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Federal Grant to Expand Screening, Treatment for Substance Abuse in Central Florida

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By Karen Guin

Shawn Lawrence, associate professor of social work, has received a $915,000 federal grant that will significantly increase the number of people in Central Florida who are screened and treated for substance abuse.

More than 1,000 UCF social work students and 500 local health care practitioners will be trained to use a simple protocol named "SBIRT" to quickly assess a person's level of risk for substance abuse and choose the appropriate treatment or referral.

The goal is to grow Central Florida's workforce capacity to use SBIRT in the region's health systems, Lawrence said of the three-year grant awarded by the Substance Abuse and Mental Health Services Administration.

SAMSHA developed SBIRT, which stands for Screening, Brief Intervention, and Referral. Research shows the protocol is effective in reducing and preventing the development of substance abuse disorders.

"Abuse of alcohol, tobacco and drugs significantly impacts public health and health care costs, yet it is among the most preventable of health problems," Lawrence said. "Expanding the SBIRT workforce will help reduce both the personal and financial costs of substance abuse."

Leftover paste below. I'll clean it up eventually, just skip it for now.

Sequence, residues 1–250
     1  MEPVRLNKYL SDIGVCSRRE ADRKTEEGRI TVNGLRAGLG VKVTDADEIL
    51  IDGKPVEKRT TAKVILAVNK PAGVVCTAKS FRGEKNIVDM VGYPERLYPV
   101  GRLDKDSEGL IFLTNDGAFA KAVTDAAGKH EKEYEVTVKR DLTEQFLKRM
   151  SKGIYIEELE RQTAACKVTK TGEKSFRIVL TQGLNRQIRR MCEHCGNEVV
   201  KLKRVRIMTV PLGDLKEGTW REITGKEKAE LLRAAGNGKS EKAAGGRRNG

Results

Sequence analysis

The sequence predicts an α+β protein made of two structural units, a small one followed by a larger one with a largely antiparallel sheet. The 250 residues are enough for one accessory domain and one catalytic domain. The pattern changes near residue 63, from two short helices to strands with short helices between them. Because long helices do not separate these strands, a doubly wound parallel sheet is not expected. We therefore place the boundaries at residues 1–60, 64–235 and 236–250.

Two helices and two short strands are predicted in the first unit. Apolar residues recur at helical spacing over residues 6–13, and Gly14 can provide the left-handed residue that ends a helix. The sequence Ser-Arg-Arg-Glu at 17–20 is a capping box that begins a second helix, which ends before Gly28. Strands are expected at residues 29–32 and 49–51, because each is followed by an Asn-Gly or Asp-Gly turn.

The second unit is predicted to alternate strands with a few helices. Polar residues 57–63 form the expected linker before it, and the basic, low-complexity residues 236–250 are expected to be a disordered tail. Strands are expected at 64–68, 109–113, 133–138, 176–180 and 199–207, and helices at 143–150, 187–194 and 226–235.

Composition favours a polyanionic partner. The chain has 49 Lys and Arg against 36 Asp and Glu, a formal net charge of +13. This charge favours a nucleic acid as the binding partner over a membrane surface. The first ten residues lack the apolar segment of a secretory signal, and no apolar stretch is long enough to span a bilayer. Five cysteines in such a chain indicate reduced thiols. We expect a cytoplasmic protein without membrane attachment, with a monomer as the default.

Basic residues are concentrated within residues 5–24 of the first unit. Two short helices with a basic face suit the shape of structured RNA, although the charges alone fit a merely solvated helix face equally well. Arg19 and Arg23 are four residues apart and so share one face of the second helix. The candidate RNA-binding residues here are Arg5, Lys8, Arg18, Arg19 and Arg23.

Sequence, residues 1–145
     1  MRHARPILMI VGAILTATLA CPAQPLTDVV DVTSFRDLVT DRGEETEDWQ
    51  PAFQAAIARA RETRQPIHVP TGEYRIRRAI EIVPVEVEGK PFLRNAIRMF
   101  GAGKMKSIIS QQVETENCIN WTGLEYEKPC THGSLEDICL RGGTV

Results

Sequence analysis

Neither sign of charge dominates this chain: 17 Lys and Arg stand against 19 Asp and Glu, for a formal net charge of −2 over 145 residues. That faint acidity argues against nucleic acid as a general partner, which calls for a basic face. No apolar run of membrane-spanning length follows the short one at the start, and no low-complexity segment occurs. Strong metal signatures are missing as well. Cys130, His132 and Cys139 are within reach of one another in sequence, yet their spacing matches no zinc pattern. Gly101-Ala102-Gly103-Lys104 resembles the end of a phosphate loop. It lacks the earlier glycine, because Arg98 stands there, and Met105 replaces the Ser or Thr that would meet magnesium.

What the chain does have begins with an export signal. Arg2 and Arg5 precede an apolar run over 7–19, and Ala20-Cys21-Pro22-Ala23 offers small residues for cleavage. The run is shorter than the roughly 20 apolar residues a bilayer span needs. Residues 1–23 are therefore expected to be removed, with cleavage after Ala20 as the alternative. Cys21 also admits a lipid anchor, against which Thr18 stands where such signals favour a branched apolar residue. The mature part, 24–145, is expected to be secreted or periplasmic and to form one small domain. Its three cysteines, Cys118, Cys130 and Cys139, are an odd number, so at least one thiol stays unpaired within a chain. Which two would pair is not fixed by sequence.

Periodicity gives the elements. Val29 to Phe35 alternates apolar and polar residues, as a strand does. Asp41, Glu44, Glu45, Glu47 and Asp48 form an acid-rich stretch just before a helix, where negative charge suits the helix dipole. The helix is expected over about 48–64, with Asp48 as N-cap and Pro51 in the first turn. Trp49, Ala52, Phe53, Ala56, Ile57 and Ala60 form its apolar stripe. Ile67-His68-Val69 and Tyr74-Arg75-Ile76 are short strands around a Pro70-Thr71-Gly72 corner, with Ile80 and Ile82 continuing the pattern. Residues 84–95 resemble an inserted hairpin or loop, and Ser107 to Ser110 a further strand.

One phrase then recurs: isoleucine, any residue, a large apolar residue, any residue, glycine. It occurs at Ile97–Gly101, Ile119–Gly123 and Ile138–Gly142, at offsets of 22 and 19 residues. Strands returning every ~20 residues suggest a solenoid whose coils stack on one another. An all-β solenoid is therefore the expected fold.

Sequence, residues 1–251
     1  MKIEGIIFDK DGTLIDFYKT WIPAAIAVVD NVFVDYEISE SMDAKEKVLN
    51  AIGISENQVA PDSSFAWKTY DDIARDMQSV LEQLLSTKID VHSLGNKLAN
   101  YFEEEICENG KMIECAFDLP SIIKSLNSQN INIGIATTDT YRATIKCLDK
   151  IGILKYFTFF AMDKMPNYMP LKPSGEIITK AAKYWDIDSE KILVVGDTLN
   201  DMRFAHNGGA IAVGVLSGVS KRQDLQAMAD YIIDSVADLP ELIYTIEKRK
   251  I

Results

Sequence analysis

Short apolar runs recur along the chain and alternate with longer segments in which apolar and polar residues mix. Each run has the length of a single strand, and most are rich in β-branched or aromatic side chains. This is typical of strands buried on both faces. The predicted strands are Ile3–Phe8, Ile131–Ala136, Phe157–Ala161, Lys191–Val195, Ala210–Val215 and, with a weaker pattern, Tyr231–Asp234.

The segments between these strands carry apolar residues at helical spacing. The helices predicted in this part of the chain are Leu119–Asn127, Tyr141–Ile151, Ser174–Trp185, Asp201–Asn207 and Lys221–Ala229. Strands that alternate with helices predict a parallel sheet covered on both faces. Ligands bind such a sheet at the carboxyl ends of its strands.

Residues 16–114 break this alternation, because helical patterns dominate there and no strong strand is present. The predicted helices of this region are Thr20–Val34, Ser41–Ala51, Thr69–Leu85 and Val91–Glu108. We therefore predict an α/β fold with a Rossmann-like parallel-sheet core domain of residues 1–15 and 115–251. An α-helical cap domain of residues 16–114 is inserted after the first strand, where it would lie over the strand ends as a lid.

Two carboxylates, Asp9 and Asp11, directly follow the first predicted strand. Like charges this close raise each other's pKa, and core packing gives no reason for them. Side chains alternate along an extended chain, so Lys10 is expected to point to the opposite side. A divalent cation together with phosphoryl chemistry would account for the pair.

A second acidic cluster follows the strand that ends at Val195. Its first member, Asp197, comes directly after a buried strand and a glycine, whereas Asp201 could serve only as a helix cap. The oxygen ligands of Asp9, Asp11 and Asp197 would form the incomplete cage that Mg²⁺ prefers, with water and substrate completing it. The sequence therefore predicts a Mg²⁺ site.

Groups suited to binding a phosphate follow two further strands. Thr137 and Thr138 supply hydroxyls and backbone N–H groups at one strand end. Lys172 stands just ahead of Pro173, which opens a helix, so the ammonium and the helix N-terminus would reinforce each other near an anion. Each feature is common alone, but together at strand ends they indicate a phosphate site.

The project begins this fall with UCF faculty members who teach in the Master of Social Work program taking SBIRT training themselves. Once they've completed the training they will redesign the M.S.W. curriculum to include instruction on SBIRT and opportunities for students to practice the protocol using web-based simulated patient-client interactions.

The revised curriculum will focus particularly on preventing substance abuse disorders in Central Florida's most vulnerable populations, including veterans, the elderly, the homeless and those with chronic illnesses.

"We want all of our M.S.W. students to have the appropriate knowledge, skills, attitudes and motivation to apply SBIRT when they enter their clinical field placements," Lawrence said.

M.S.W. students interested in careers in clinical social work must complete 1000 hours of clinical education in the community to earn the degree.

UCF social work faculty members who develop expertise in SBIRT will also teach the protocol to professionals at social service agencies and hospitals throughout Central Florida. The faculty members will make on-site presentations, moderate webinars and offer opportunities for professionals to earn Continuing Education Units.

"In addition, we'll work to develop partnerships in systems throughout Florida to promote the value of universal screening for substance abuse disorders in vulnerable populations in our state," Lawrence said.

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